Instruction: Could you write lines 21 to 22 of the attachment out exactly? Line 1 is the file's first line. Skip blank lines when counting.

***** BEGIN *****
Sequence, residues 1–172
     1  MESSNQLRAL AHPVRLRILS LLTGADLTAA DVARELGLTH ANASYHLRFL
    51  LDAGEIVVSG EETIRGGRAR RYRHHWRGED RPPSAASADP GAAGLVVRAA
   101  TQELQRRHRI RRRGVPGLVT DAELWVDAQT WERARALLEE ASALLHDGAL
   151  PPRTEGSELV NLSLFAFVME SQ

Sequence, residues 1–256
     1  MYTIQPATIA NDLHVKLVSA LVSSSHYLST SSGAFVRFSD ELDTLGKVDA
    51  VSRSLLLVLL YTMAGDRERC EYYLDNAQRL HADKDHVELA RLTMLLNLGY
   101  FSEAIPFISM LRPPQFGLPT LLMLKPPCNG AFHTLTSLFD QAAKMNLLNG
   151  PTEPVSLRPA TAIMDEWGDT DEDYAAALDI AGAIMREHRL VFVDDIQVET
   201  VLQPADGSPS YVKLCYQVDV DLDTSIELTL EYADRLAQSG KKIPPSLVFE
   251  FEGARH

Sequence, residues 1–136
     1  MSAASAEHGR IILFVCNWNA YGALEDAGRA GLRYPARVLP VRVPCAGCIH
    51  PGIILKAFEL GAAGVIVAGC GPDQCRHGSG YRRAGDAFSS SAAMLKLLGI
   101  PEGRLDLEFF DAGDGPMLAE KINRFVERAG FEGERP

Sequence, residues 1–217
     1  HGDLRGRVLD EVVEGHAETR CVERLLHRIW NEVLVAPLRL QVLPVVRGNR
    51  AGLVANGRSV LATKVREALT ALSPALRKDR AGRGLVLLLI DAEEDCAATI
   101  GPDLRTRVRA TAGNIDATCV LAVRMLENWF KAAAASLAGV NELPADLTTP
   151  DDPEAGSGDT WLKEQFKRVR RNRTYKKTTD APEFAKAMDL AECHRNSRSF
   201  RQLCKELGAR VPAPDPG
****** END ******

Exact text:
   151  DDPEAGSGDT WLKEQFKRVR RNRTYKKTTD APEFAKAMDL AECHRNSRSF
   201  RQLCKELGAR VPAPDPG